Wednesday, December 8, 2010

Twinkly Wrinkles

♫ It's always fun when Grandpa comes,
When Grandpa comes, hooray!
He always says the kindest things,
And in the kindest way. ♫
He has a wrinkly, twinkly smile,
♫ He's jolly all the day . . .
It's always fun for everyone
When Grandpa comes. ♫

And when does he come? On Christmas! When I remember Christmas Past, my grandpas are always there.

Christmas 1959

Grandpa Lundgren lived in a gingerbread kitchen with Grandma and his dog, Tuffy. Of course, there was more to their house than the kitchen, but in the winter, that's the room that warmed me in spite of the cold linoleum floor.

Mormon grandpas don't usually drink coffee, but my grandpa did, and he dipped sugar cubes in his cup and popped them on my tongue when Mom wasn't around. I'd learned in Sunday School that we shouldn't smoke, or drink alcohol, tea or coffee. So I asked, "Why does Grandpa drink coffee?" Mom replied, "Well, he's Swedish." (I guess they got a special dispensation.)

Dinner at Grandma's 1960

I knew I was Grandpa Bagley's favorite because I was left-handed. (Sorry everyone, but I was.) For Christmas dinner he set our places with the silverware backwards and then he and I sat next to each other admiring how skilled we were in a right-handed world. Grandma bragged about his left-handed penmanship and showed me the love letters he'd sent her before they were married.

A letter to Adelila from Hawley, sent in 1918.

My Loving Sweetheart and Little Pet:

I get so used to receiving notes from you everyday, that I was lost when one failed to arrive this morning. Lover, I can't help missing them, but pet, it's now only a little over a week until we will be together again.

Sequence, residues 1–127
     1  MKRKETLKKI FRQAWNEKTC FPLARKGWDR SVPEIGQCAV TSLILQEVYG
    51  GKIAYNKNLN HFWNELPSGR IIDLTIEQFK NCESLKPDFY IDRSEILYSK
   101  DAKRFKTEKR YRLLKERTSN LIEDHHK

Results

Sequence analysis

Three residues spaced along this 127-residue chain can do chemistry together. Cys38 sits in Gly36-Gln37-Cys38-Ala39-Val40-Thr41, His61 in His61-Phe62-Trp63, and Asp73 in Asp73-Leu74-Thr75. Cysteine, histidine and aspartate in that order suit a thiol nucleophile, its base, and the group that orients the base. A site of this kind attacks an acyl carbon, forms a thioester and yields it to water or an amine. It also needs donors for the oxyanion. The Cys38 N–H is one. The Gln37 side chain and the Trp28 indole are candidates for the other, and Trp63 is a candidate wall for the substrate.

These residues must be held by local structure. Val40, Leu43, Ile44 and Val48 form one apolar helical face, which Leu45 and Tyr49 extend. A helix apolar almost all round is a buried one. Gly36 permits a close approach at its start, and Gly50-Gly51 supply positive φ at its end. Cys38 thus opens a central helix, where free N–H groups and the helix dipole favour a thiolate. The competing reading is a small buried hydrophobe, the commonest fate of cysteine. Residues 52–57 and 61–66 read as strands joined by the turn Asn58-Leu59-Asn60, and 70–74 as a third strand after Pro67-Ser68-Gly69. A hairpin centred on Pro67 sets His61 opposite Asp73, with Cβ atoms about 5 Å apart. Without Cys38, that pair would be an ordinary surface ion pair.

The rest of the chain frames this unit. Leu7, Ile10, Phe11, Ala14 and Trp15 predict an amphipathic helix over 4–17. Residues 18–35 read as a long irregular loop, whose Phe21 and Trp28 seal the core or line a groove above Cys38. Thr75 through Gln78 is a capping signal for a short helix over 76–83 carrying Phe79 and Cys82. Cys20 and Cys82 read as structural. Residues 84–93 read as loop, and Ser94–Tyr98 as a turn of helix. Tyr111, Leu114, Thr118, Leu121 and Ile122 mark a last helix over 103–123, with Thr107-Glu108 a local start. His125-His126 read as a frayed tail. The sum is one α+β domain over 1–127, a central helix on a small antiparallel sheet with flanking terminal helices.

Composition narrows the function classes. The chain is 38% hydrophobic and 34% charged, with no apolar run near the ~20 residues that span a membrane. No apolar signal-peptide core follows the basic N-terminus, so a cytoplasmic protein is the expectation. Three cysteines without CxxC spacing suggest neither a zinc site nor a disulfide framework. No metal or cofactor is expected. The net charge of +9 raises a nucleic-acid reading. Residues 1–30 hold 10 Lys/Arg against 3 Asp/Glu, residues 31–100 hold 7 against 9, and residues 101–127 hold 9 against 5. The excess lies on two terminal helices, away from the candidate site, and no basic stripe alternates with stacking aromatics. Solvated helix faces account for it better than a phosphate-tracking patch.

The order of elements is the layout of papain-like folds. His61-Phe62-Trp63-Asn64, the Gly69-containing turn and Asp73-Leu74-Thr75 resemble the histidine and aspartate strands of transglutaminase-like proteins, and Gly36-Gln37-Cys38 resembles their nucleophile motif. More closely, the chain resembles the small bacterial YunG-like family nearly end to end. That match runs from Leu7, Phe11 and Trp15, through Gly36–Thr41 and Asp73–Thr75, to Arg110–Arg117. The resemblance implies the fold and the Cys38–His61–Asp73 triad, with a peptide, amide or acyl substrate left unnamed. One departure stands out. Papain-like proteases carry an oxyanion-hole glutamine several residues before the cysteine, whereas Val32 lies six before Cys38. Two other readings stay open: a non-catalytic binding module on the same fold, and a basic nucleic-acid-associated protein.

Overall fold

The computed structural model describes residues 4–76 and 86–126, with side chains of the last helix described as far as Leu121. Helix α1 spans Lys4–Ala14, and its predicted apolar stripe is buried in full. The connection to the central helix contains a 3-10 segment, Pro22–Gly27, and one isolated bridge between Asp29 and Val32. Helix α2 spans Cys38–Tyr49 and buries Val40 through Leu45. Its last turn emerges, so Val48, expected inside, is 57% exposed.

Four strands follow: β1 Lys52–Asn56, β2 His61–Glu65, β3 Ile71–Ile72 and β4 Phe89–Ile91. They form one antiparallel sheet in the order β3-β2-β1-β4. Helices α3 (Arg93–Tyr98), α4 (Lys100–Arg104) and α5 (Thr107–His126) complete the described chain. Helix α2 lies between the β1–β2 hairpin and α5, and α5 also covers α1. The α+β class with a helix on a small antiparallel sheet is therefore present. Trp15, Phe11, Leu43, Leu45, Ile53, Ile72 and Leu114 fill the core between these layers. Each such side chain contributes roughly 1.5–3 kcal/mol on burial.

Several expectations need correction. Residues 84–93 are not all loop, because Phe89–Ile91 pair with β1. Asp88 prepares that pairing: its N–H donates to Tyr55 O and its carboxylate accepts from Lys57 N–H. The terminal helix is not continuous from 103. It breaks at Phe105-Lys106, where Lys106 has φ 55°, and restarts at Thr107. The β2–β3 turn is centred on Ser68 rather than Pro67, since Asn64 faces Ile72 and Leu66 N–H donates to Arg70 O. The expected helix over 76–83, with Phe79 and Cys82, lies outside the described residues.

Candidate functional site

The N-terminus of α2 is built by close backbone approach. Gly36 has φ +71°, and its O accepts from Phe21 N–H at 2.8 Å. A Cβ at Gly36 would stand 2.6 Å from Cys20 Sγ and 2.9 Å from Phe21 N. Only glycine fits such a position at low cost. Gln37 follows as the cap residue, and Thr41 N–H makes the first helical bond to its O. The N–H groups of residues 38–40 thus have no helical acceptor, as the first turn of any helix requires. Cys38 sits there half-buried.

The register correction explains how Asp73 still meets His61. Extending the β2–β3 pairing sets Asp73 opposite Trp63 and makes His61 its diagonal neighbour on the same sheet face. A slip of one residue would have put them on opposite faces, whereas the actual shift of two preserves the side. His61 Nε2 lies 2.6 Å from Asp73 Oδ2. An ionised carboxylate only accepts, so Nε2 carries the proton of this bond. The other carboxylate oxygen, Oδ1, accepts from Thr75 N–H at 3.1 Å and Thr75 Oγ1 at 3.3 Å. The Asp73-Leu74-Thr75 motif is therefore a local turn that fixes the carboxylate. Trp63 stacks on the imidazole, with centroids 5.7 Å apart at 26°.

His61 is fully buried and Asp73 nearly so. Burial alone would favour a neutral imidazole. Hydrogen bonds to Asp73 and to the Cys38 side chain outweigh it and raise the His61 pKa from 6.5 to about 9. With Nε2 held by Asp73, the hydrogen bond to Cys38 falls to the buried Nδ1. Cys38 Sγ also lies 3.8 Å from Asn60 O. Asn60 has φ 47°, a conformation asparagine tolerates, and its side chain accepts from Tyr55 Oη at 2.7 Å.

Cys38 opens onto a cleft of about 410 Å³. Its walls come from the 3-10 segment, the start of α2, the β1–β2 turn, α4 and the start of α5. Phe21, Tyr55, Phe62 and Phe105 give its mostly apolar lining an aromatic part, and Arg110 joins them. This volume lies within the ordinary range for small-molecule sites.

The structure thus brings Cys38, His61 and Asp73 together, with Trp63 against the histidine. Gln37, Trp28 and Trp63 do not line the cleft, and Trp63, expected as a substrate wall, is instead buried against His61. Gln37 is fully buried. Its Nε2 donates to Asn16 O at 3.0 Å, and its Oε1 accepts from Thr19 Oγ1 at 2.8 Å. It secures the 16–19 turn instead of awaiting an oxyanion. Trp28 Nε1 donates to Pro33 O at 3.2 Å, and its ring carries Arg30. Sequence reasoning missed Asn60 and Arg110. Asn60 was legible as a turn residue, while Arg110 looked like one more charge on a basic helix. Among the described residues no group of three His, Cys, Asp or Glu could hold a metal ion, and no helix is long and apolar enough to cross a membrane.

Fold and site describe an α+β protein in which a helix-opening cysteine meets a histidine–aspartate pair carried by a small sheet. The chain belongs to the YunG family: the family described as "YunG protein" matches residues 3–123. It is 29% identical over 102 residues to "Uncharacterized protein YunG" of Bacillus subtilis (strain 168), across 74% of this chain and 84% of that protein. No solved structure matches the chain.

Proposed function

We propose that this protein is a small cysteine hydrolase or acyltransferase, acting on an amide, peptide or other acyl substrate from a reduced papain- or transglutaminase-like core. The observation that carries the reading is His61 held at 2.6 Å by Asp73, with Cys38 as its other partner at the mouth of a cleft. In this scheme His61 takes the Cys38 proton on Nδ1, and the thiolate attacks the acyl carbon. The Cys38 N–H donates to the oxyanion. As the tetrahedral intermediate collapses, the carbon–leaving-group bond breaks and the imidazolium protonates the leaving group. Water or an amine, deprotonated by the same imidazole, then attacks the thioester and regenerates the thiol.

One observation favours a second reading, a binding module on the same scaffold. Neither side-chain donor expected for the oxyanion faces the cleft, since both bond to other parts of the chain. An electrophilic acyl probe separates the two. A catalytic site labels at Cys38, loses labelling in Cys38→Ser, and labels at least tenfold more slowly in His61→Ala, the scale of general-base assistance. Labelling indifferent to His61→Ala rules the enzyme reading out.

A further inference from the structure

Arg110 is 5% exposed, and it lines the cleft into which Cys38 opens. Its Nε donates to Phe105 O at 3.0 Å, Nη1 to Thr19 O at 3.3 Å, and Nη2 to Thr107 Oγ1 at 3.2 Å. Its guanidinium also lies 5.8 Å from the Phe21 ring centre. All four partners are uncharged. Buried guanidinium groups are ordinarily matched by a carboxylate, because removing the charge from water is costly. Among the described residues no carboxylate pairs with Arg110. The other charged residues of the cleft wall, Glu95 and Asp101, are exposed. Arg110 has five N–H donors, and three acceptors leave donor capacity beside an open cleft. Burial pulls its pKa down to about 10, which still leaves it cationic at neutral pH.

Darling, I don't know how I'll act to see you once more. I never supposed a man could miss anyone on earth like I have missed you. Do you get tired of me writing nothing but this same old stuff every time? Lover, I'm afraid you might sometimes, but there is nothing here to write about.

With a whole heart full of love, kisses, and a big squeeze,
I am always your only,

She was twenty years old, teaching school for $60 a month in Lava Hot Springs, Idaho, and he was seventeen, starting law school at the University of Utah.

I was lucky to know both my grandpas, but I didn't learn all they had to teach me. That's why I was thrilled when Erin Bried sent me her new book: How to Build a Fire, and Other Handy Things Your Grandfather Knew.

Erin interviewed grandfathers across the country, all of whom survived the Great Depression and served during World War II, to discover some essential life skills. Her book has fabulous chapters on:
  • How to split firewood
  • How to read animal tracks
  • How to paint a room
  • How to strip wooden furniture
  • How to change the oil
  • How to comfort a loved one
  • How to bounce back after failure
  • How to get a raise
  • How to find self-confidence
  • How to shake hands
  • How to shoot pool
  • How to iron a shirt
  • How to banish monsters under the bed
  • How to make beef jerky
  • How to make root beer
  • How to play the harmonica
  • How to apologize
  • and lots more
Everything you've wanted to know but had no one to ask.

These guys were proud to share their amazing stories and incredible advice. One of the grandfathers told Erin, "Modesty is overrated."

If you have a grandpa come over for Christmas, ask him how he shines his shoes. If you are a grandpa, show off your turkey carving skills. And if you need some great pointers, give somebody Erin's book.

Grandpas know how to put a twinkle in a wrinkle!


Christie said...

Oh, that letter! I can't fathom a man sending me something so gushy and sweet. Josh definitely didn't get that gene. :-)

Diane said...

Great memories. I think I need that book...

mama jo said...

love this post..i haven't seen those pictures..haven't seen gr. lundgren since i was 3...